Cervical radiculopathy Syndrome (CRS) is a common neuro-musculo-skeletal disorder causing pain and disability. Manual therapy interventions including cervical traction with other treatment modalities have been advocated to decrease pain and disability caused by cervical radiculopathy (CR). Al-Qudah & AL-Jazzazi (2021) conducted a new method of Spinal Decompression Therapy (SDT) in patients with Chronic Lumbar Disc Herniation (CLDH) which includes Combination of Lumbar Traction With Cervical Traction (CLTCT) as one intervention. Despite of that this new method clinically reduces pain and disability more effectively than the conventional types of Traction, CLTCT method was not previously used in CR patients nor with Cervical Disc Herniation (CDH). The clinical effectiveness of this new method with other treatment modalities in patients with CRS was not approved yet.  OBJECTIVE: The purpose of the presented work is to identify the effectiveness of rehabilitative program on patients with Cervical Radiculopathy, by (15) sessions for (4) Weeks. The suggested Rehabilitative program consisted of: 1.Supine Soft Full Back, Shoulders and Neck Cupping Massage (CM) for (10) minutes, 2.CLTCT: Combined Lumbar Traction with Cervical Traction as one intervention for (20) minutes, 3.Gradual Therapeutic Exercise Package of Neck Stretching and Strengthening Exercise for approximately (15) minutes. METHODS: In this study, Five outdoor male patients had accepted to participate  and were randomly chosen from Al-Karak Governmental Hospital, All subjects applied the proposed rehabilitative program. The results were analyzed using the SPSS system. RESULTS: indicates that there was statistically significant difference between the pre and post measurements in favor of the post measurements in terms of Pain, Disability. CONCLUSIONS: The present study demonstrated that the use of proposed rehabilitative program has a positive effect on patients with Cervical Radiculopathy.

Al-Qudah, Et. al.

Traction Is Part Of The Evidence Based Manual Physical Therapy Management Due To Its Mechanical Nature. The Efficacy Of Lumbar Traction (Lt) Has Been Established, Lt As The Most Used Method Of Spinal Decompression Therapy (Sdt) Reduces The Intradiscal Pressure And Vertically Increases The Intervertebral Space And Restore Disc Height Allowing Nutrients And Oxygen Supply To The Disc. While Lt Had Recently Been Used As A Conservative Treatment For Chronic Lumbar Disc Herniation (Cldh), Combined Lumbar Traction With Cervical Traction (Cltct) As One Intervention Which Has Been Suggested By (Al-Qudah, M.K) Was Used As A Part Of Rehabilitative Program In Patients With Cldh. Therefore, The Effectiveness Of Cltct Separately At Any Other Interventions Remains Absolutely Unclear And Uncertain. Objective: The Aim Of The Presented Work Is To Identify The Effectiveness Of Cltct [(Positional Sustained Lumbar Traction (Pslt) Combined With Mechanical Sustained Cervical Traction (Msct) As One Intervention] On Patients With Moderate (L4-L5) (L5-S1) Cldh, And To Compare Cltct With Traditional Mechanical Lumbar Traction (Mlt). Methods: In This Study, Twelve Outdoor Male Patients Diagnosed With Magnetic Resonance Imaging (Mri), Had Accepted To Participate The Study. They Were Chosen From Al-Karak Governmental Hospital, From 20th Of December To 1st February 2021. Subjects Were Divided Randomly In To Two Groups, Experimental Group (N=6) Performed Cupping Massage (Cm), Cltct And Core Stabilization Exercise (Cse), While The Control Group (N=6) Performed Cm, Mlt And Cse. All Subjects Were Advised To   Perform The Cse Three Times Daily As A Home Program In Addition To One Set During Each Session Under The Therapist Supervision. All Subjects Had Exposed (18) Sessions For (6) Weeks. The Results Were Analyzed Using The Spss System. Results: Indicates That There Was Statistically Significant Difference Between The Pre And Post Measurements In Both Groups In Favor Of The Post Measurements In Term Of Pain And Disability. Also Results Indicate That There Was Statistically Significant Difference Between The Groups In Favor Of Experimental Group. Conclusions: The Present Study Demonstrates That The Use Of Cltct Has A Positive Effect On Patients With Cldh More Than Mlt.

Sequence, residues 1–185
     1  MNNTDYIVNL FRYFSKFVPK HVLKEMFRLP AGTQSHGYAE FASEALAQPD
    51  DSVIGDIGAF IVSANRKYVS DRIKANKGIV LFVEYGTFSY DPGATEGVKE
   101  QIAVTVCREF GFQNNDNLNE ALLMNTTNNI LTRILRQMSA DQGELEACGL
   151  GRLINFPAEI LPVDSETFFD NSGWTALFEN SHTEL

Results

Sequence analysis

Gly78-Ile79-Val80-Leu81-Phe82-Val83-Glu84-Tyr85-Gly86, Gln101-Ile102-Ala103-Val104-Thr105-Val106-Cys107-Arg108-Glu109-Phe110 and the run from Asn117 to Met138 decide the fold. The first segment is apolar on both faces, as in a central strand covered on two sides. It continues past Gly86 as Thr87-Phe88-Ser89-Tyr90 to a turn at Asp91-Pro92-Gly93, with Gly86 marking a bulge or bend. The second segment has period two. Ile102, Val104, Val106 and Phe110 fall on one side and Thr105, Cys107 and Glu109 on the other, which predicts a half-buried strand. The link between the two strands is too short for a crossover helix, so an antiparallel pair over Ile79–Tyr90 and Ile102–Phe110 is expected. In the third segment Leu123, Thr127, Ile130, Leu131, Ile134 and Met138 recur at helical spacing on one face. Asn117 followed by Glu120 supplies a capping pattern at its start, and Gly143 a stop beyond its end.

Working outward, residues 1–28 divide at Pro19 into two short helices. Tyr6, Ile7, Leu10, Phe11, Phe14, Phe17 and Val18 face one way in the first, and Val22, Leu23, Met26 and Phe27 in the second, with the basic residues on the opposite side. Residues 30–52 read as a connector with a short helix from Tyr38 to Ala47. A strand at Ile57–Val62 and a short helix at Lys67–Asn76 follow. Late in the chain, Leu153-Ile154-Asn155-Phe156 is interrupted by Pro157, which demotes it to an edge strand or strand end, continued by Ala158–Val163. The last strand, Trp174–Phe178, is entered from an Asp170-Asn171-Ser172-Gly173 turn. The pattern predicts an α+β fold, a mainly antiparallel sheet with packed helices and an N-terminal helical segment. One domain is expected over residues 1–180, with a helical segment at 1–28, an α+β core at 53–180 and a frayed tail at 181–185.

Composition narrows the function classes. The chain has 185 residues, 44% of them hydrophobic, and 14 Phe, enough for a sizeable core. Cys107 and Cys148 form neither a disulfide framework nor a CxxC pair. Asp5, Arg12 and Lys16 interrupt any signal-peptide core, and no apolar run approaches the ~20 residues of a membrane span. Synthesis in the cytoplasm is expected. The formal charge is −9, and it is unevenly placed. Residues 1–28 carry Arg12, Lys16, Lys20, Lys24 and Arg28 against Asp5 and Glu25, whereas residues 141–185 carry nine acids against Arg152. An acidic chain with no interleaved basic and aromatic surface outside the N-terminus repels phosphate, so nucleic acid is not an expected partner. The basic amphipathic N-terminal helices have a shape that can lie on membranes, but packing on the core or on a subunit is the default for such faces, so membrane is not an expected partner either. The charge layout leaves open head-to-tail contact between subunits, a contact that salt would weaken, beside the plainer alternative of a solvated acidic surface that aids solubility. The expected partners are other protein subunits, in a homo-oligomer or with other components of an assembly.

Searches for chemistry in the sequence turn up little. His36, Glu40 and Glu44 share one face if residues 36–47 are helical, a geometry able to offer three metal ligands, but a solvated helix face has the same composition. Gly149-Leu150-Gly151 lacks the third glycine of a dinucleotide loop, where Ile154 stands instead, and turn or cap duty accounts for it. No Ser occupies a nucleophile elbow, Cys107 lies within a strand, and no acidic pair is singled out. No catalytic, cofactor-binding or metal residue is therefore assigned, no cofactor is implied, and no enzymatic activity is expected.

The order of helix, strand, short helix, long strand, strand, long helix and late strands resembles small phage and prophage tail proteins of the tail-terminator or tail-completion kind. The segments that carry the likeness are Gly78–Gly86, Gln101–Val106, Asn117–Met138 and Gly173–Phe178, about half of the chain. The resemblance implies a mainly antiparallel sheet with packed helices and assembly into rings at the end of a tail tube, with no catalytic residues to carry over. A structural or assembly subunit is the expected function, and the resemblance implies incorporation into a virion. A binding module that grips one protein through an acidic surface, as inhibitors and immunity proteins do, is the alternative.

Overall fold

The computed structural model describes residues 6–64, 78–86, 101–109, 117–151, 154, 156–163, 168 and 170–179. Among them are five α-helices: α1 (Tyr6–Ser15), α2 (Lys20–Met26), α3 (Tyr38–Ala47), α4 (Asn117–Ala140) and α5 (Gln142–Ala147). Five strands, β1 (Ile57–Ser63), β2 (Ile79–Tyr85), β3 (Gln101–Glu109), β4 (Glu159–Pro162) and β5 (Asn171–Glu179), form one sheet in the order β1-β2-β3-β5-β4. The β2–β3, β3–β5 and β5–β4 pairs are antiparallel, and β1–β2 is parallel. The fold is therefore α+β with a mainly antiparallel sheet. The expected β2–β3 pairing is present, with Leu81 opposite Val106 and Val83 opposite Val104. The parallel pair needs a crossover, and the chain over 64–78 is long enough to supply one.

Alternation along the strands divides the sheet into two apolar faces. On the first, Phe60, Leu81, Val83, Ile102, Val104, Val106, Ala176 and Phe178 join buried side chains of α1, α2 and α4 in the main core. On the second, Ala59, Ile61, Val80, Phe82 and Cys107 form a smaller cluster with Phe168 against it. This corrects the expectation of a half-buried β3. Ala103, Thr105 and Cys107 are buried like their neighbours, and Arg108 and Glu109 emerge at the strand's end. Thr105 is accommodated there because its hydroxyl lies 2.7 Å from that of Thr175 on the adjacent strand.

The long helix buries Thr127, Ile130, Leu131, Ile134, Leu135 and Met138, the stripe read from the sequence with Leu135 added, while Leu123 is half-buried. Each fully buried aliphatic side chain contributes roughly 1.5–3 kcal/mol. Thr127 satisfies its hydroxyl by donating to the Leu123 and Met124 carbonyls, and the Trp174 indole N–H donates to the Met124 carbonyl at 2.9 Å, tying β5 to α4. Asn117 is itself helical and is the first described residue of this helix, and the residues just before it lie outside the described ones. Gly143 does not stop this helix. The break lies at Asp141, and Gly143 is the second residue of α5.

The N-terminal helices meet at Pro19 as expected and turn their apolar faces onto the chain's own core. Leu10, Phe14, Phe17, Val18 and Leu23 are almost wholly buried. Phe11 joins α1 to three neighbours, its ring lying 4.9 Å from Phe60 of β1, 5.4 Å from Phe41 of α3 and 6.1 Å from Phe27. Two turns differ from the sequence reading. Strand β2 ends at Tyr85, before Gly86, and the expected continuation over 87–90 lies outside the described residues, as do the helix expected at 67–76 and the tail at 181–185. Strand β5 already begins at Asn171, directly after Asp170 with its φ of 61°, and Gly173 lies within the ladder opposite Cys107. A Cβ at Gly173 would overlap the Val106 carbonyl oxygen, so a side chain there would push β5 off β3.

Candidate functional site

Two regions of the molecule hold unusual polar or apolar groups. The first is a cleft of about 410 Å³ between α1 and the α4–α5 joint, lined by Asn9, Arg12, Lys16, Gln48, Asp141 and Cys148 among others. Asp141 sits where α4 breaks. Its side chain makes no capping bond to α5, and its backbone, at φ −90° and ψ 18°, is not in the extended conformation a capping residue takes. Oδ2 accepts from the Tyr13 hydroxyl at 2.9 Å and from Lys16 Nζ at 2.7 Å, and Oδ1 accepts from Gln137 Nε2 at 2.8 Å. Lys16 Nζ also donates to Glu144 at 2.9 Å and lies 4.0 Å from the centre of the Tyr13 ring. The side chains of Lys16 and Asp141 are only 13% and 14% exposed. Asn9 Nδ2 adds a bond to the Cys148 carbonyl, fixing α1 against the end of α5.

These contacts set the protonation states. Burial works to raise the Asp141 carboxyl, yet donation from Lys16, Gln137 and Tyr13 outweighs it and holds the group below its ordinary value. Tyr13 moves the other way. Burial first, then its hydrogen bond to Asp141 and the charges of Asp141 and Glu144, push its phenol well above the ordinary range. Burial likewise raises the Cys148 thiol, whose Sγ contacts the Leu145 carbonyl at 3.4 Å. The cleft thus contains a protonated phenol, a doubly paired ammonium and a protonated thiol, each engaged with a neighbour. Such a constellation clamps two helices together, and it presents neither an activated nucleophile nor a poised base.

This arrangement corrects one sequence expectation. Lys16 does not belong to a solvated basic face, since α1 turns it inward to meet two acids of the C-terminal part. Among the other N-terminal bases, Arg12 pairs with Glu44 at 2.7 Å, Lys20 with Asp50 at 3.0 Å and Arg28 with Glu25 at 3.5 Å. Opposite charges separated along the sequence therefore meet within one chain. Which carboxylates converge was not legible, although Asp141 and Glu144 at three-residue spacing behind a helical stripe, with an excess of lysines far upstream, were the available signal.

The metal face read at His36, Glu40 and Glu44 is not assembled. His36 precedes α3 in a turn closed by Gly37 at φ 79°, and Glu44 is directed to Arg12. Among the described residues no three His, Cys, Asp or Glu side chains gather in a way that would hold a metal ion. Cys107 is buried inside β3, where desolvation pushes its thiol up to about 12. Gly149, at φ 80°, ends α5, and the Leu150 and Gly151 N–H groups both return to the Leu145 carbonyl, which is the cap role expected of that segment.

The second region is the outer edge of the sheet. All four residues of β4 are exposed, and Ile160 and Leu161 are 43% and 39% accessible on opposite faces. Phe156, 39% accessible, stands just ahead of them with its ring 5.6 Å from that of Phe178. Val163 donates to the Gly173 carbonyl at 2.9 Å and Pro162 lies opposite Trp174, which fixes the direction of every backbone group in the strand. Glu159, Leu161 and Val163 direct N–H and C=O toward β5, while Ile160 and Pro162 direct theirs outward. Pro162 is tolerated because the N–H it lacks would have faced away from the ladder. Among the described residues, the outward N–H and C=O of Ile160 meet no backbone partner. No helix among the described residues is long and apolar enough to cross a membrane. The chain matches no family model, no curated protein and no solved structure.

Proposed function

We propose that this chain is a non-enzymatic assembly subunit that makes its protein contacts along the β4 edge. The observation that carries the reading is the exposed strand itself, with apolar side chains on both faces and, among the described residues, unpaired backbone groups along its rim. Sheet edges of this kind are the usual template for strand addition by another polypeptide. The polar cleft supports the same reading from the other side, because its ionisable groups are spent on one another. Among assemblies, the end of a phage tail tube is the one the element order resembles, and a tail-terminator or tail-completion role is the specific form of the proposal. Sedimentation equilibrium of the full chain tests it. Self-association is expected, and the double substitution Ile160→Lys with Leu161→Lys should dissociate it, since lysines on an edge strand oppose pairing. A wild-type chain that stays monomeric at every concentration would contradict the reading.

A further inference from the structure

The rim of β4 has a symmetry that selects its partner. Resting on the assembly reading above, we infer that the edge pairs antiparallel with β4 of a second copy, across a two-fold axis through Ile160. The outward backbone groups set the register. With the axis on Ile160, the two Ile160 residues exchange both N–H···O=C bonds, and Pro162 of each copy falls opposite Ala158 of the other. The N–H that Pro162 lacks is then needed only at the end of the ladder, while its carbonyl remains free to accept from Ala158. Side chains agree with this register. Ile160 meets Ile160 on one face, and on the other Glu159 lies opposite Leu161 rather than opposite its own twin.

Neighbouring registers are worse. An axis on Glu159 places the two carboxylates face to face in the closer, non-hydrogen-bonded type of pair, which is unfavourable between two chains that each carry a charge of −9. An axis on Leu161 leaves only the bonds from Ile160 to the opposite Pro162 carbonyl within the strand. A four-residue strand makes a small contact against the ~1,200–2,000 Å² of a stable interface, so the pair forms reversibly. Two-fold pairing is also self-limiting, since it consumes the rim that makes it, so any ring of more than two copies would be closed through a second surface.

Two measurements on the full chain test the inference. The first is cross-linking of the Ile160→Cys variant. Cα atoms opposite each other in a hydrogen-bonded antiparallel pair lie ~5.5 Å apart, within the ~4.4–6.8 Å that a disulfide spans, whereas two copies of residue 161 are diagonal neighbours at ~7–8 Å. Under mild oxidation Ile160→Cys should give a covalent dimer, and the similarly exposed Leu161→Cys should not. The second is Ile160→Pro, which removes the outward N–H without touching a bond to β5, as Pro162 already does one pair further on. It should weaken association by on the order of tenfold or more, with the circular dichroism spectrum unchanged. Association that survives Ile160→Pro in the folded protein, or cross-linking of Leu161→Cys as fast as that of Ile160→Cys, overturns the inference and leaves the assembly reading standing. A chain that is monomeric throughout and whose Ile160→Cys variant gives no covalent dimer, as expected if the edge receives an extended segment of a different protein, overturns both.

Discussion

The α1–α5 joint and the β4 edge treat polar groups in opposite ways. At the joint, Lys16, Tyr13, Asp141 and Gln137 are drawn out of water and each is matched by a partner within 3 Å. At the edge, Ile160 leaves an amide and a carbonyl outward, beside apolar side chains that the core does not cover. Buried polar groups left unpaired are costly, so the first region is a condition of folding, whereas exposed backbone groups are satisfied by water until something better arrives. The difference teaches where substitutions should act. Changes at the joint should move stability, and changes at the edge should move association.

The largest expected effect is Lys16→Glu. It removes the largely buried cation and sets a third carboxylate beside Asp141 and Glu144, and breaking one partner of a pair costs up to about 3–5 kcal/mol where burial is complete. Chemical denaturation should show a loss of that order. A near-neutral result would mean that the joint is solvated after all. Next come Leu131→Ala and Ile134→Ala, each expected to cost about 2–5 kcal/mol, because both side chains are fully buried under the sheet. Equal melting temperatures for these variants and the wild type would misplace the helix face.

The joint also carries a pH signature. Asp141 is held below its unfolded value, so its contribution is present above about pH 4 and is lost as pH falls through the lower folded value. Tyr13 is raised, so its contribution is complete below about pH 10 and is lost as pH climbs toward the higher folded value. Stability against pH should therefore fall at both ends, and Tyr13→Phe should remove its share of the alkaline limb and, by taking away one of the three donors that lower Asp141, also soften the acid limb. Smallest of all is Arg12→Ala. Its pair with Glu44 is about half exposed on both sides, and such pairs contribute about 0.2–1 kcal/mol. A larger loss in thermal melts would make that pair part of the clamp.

Nikita G. Alexiades ◽  
Belinda Shao ◽  
Bruno P. Braga ◽  
Christopher M. Bonfield ◽  
Douglas L. Brockmeyer ◽  

OBJECTIVE Cervical traction in pediatric patients is an uncommon but invaluable technique in the management of cervical trauma and deformity. Despite its utility, little empirical evidence exists to guide its implementation, with most practitioners employing custom or modified adult protocols. Expert-based best practices may improve the care of children undergoing cervical traction. In this study, the authors aimed to build consensus and establish best practices for the use of pediatric cervical traction in order to enhance its utilization, safety, and efficacy. METHODS A modified Delphi method was employed to try to identify areas of consensus regarding the utilization and implementation of pediatric cervical spine traction. A literature review of pediatric cervical traction was distributed electronically along with a survey of current practices to a group of 20 board-certified pediatric neurosurgeons and orthopedic surgeons with expertise in the pediatric cervical spine. Sixty statements were then formulated and distributed to the group. The results of the second survey were discussed during an in-person meeting leading to further consensus. Consensus was defined as ≥ 80% agreement on a 4-point Likert scale (strongly agree, agree, disagree, strongly disagree). RESULTS After the initial round, consensus was achieved with 40 statements regarding the following topics: goals, indications, and contraindications of traction (12), pretraction imaging (6), practical application and initiation of various traction techniques (8), protocols in trauma and deformity patients (8), and management of traction-related complications (6). Following the second round, an additional 9 statements reached consensus related to goals/indications/contraindications of traction (4), related to initiation of traction (4), and related to complication management (1). All participants were willing to incorporate the consensus statements into their practice. CONCLUSIONS In an attempt to improve and standardize the use of cervical traction in pediatric patients, the authors have identified 49 best-practice recommendations, which were generated by reaching consensus among a multidisciplinary group of pediatric spine experts using a modified Delphi technique. Further study is required to determine if implementation of these practices can lead to reduced complications and improved outcomes for children.